One of the tell-tale signs of hearing loss is the inability to follow along in a conversation, especially in noisy places.
For some, it feels like they’re living life with earplugs in or earmuffs on.
It may sound as if everyone is mumbling when they speak. You may even find yourself withdrawing from conversations.
Noises that used to sound normal can become more difficult to discern. Both the volume and clarity of sounds are affected.
In some cases, individuals may experience a phenomenon known as loudness recruitment, which makes loud noises uncomfortable.
2. Constantly Asking Others To Repeat Themselves
Those experiencing hearing loss may have to ask others to repeat themselves constantly.
The background noise or environment may make it difficult to follow along in a normal conversation.
It may be difficult to hear certain pitches in conversation. For example, high-frequency hearing loss, common among those with age-related hearing loss (presbycusis), may make certain sounds difficult to make out, such as:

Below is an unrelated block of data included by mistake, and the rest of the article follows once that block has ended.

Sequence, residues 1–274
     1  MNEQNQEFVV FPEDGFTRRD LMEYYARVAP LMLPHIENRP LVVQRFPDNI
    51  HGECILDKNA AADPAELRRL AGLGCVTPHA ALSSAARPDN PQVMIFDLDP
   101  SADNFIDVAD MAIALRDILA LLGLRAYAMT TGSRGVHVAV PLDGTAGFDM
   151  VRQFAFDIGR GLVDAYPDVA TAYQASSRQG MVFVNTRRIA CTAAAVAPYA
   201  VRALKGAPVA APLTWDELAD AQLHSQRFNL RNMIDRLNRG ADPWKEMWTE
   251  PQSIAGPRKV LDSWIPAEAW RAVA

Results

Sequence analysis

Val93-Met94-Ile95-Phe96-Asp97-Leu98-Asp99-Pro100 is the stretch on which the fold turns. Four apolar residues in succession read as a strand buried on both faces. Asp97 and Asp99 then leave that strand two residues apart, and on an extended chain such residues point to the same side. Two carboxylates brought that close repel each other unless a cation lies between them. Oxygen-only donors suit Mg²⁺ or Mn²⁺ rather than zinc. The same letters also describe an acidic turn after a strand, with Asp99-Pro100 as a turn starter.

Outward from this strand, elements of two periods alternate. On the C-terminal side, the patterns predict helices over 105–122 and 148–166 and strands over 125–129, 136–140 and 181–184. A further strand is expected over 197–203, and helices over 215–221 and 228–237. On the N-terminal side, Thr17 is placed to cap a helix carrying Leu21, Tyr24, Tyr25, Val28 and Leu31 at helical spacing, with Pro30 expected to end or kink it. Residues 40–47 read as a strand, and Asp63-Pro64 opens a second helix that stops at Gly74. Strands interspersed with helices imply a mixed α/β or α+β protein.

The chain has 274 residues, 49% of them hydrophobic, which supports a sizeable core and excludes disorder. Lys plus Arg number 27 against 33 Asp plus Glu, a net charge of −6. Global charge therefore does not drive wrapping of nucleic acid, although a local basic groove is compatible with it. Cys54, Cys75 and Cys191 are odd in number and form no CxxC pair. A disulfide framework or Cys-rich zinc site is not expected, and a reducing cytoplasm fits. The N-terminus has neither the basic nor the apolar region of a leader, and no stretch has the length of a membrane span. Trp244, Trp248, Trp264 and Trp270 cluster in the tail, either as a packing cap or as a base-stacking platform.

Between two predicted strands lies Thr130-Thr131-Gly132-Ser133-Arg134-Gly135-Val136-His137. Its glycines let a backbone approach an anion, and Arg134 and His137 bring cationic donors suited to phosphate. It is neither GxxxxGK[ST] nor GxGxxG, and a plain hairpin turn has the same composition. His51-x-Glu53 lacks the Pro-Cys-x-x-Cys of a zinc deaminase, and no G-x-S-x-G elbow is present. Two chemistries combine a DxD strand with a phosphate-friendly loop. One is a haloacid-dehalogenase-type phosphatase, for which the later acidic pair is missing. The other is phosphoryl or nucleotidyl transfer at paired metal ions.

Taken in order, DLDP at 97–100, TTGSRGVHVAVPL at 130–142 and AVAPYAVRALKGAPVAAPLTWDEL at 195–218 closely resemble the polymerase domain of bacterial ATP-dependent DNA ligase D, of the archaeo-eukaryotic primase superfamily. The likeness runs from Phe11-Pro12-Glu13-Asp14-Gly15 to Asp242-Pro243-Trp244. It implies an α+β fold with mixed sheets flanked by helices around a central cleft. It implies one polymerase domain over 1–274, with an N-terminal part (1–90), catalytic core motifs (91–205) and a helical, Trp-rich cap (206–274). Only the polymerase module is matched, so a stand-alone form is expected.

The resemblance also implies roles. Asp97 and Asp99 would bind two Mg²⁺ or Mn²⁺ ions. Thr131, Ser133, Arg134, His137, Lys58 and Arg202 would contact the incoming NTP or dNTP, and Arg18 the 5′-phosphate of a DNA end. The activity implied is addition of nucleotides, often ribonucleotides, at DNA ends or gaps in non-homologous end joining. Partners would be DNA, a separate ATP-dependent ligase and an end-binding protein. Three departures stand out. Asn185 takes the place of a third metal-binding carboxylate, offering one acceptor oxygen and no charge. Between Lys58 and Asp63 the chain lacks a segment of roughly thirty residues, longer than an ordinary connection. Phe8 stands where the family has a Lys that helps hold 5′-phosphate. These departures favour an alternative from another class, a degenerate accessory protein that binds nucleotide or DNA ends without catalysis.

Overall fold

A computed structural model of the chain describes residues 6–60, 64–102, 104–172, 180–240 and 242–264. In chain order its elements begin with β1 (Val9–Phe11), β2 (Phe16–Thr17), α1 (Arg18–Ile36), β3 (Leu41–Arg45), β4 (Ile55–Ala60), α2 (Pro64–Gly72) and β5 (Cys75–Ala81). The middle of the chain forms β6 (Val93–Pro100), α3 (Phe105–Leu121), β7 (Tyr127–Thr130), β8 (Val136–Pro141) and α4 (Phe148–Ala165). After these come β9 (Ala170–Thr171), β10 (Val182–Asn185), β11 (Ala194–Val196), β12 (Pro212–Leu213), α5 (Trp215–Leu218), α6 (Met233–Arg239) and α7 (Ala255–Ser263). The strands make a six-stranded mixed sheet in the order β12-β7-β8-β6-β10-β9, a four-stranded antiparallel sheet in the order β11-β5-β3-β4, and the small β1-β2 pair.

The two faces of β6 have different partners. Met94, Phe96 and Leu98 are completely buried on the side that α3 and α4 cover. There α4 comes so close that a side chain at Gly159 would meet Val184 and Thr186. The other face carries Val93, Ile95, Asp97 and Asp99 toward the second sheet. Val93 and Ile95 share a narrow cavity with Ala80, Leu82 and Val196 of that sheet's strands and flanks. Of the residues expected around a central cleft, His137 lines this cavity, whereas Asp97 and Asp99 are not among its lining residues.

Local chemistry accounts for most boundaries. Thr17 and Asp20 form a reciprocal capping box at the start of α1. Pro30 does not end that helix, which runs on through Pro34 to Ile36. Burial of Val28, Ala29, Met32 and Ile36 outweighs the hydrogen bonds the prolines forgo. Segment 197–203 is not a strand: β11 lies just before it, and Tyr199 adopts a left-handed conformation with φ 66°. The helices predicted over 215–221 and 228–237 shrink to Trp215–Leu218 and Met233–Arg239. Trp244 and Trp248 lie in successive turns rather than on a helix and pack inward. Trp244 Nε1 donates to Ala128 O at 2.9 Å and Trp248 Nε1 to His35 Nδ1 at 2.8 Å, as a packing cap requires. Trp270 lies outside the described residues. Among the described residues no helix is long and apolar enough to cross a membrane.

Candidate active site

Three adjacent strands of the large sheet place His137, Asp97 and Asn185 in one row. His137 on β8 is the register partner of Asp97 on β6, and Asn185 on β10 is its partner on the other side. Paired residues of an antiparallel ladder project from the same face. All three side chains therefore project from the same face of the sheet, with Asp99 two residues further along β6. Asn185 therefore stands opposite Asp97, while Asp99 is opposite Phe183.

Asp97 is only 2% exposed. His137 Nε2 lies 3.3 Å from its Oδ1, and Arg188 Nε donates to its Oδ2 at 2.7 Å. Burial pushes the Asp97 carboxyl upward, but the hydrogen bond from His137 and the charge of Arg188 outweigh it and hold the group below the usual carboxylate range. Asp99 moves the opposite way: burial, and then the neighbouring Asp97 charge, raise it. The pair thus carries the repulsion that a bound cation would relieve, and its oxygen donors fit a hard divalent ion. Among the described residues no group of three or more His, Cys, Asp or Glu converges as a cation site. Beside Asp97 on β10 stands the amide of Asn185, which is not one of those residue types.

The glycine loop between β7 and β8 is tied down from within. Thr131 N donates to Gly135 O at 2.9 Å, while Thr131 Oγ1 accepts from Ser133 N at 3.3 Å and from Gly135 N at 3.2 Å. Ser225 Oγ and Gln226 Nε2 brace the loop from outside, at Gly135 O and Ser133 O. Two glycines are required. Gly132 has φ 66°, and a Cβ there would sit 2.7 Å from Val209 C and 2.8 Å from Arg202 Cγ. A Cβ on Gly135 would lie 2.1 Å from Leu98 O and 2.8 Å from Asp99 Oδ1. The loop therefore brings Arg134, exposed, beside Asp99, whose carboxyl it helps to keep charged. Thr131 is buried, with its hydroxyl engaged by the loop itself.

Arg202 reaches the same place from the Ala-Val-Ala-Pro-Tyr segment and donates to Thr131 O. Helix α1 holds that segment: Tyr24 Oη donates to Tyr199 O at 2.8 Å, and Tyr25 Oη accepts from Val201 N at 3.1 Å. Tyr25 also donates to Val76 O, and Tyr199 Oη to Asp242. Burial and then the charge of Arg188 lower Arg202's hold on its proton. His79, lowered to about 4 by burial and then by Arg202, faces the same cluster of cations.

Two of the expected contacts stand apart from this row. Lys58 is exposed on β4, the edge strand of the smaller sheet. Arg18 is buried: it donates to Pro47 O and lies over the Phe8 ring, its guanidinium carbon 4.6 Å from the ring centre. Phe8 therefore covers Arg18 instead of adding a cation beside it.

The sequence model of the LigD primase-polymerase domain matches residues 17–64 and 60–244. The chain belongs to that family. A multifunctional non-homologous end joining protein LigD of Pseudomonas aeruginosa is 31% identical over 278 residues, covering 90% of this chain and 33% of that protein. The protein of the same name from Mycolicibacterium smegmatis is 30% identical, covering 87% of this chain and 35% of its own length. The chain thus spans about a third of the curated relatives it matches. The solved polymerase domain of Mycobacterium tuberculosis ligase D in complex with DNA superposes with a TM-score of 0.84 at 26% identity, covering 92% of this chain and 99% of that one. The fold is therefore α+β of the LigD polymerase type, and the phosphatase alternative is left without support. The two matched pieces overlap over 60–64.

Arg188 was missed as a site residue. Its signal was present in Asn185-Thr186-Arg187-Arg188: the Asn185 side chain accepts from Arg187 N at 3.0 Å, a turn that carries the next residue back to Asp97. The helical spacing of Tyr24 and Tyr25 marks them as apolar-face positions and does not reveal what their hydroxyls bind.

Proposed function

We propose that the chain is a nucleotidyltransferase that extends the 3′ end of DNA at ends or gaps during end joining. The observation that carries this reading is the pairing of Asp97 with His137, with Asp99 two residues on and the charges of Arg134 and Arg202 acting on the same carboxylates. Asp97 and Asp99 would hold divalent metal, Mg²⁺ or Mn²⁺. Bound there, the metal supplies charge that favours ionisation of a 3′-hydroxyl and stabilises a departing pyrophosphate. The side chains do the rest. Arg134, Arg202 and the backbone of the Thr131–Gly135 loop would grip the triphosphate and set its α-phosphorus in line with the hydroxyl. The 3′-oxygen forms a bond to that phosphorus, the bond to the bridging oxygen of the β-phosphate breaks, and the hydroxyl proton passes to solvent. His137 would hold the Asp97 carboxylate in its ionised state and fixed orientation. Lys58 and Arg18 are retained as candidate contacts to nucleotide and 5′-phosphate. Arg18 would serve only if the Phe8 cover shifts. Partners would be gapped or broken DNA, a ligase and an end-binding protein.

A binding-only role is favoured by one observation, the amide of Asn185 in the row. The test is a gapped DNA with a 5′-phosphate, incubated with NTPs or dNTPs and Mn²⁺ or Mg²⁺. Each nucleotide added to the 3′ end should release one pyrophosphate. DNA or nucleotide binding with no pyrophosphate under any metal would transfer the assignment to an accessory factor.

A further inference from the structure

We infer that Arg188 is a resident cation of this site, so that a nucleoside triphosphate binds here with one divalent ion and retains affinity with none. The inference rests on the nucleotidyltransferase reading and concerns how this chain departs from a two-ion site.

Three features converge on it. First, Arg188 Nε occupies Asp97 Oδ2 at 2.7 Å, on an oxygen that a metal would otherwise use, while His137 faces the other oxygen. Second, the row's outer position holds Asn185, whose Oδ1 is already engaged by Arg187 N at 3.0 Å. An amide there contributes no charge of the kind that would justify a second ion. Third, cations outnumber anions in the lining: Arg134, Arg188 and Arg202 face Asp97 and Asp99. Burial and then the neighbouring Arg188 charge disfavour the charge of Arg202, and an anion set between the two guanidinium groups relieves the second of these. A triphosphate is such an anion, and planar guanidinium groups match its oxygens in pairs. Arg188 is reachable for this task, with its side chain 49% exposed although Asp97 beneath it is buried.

- The sound of women's and children’s voices
- Certain consonant sounds
- Higher pitched beeping sounds, like timers or microwave ovens
- Birds chirping outside
3. Needing To Turn the Volume Up
Those experiencing the beginning stages of hearing loss may have to increase the volume on their radio or TV.
What used to be understandable at a certain volume range has now become difficult. Friends and loved ones may also clue you in on this symptom if they constantly remind you to turn down the volume on the TV or radio.
4. Experiencing Issues with Balance
Another common symptom that may point to potential hearing loss is balance issues.